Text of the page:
Science opening- Teacher has one young child and a baby. Our school follows a special learning program that requires some outside commitments, such as several overnight field trips a year (no extra pay). We also have PD or meetings starting really early before school several days a week, again unpaid. The teacher is going to a more "traditional" school as the "extras" were just too hard on his family.

    Title 1 opening- Non renewal due to performance.

    4th grade opening- Money. Teacher is single and feels she can't make enough to make ends meet on her own in this very expensive cost of living area. She's moving away from the "resort town life."

    Spanish opening- Money. The position is part time and the teacher wants full time.

    Middle school sped opening- Teacher is pregnant and wants a full year leave. She is not sure she wants to return to work at all.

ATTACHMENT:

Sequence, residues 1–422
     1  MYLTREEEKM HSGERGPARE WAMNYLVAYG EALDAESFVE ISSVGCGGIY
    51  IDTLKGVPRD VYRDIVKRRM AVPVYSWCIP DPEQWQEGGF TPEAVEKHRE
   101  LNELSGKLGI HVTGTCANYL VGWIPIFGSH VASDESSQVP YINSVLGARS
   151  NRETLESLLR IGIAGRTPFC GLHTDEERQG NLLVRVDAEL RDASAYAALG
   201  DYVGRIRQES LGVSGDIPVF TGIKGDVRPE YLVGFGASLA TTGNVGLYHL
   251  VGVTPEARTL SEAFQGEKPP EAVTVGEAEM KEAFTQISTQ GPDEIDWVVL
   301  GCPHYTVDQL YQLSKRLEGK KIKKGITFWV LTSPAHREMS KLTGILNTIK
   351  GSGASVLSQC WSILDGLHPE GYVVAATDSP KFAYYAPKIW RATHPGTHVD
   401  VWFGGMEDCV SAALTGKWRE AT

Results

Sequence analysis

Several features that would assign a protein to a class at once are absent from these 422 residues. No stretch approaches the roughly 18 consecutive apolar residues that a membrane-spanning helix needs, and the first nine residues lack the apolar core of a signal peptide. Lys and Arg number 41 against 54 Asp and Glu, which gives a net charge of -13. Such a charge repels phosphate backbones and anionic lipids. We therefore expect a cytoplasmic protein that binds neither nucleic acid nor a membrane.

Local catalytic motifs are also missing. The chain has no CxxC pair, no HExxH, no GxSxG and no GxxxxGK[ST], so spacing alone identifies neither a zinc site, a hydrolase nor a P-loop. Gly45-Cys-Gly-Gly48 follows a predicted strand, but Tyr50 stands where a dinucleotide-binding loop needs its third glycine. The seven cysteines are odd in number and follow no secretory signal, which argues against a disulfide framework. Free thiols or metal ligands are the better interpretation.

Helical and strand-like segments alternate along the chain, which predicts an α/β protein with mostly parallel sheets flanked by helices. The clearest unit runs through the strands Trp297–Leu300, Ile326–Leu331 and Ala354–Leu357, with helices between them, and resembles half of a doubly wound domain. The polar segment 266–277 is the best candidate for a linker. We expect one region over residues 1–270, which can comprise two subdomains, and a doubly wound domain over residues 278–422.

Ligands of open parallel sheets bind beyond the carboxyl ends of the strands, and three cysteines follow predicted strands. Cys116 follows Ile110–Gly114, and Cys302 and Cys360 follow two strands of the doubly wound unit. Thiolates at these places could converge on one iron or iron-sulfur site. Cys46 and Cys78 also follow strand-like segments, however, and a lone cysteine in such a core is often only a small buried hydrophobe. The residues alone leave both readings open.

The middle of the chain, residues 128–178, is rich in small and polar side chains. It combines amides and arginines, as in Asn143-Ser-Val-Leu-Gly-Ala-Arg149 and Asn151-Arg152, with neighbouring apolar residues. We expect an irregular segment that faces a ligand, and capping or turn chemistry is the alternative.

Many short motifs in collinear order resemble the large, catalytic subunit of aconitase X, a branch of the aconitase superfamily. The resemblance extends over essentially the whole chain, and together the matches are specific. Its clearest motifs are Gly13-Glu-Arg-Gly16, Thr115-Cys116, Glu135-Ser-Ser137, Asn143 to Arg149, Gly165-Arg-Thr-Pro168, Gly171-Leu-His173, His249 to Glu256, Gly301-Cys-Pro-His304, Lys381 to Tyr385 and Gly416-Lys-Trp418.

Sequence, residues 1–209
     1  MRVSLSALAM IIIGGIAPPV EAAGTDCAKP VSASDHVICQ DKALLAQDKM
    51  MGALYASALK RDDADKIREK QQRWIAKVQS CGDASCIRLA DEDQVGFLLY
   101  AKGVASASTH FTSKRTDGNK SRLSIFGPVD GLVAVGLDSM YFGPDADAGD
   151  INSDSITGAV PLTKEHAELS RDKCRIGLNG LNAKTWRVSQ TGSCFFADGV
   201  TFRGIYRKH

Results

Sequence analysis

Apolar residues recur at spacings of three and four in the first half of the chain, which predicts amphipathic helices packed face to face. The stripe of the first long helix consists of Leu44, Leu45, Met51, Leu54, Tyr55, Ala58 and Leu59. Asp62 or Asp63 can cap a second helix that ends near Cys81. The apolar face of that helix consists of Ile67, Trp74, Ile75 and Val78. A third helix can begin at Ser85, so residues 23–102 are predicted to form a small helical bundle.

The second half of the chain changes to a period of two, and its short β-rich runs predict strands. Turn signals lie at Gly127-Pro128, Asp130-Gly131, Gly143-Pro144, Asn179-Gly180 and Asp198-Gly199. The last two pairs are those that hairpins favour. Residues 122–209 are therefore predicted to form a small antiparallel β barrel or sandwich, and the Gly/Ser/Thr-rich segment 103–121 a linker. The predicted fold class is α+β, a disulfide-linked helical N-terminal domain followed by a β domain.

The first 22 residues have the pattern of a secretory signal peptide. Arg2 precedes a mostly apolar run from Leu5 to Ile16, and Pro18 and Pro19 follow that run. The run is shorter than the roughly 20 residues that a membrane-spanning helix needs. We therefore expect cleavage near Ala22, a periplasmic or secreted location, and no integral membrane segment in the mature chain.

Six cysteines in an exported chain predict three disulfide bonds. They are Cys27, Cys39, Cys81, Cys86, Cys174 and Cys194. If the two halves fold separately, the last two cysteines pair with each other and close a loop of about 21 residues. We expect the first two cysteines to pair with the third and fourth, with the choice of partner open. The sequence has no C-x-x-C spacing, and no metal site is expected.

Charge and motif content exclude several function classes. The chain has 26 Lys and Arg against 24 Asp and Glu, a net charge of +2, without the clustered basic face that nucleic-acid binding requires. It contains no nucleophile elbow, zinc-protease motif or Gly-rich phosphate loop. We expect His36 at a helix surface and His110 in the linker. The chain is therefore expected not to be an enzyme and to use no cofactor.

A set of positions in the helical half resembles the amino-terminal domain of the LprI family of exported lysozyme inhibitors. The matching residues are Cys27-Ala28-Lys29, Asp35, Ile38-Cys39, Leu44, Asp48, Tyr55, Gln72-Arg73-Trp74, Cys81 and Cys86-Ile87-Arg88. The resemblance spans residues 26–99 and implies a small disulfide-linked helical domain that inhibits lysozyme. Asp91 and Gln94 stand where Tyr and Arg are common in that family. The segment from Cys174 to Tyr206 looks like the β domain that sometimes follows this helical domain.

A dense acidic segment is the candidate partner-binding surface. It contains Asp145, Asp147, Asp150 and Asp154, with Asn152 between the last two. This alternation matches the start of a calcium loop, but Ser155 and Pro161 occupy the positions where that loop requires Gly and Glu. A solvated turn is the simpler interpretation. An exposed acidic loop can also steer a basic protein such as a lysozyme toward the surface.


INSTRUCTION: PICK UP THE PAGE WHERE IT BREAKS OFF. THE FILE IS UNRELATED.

My position- Liked the school, hated the area. I'm not terribly outdoorsy and that's all people around here do. There is nothing else to do even if one wanted to. It feels cut off from everything. The nearest city is 2.5 hours away- and with it the nearest shopping, entertainment, etc.

    School Psych opening- According to our district, she is paid the same as a teacher. She went to school for 8 years and has advanced degrees. This field is fairly in demand in our state. She actually loves the area, but is going somewhere where she can be fairly compensated for her degree.
     
  17. kpa1b2

    kpa1b2 Aficionado

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    May 28, 2012

    Waterfall,

    I think asking why they are looking is a reasonable question to ask, if it hasn't already been stated. My school has several "openings" not because people are leaving but because we're added classes.
     
  18. crosscountryski

    crosscountryski Companion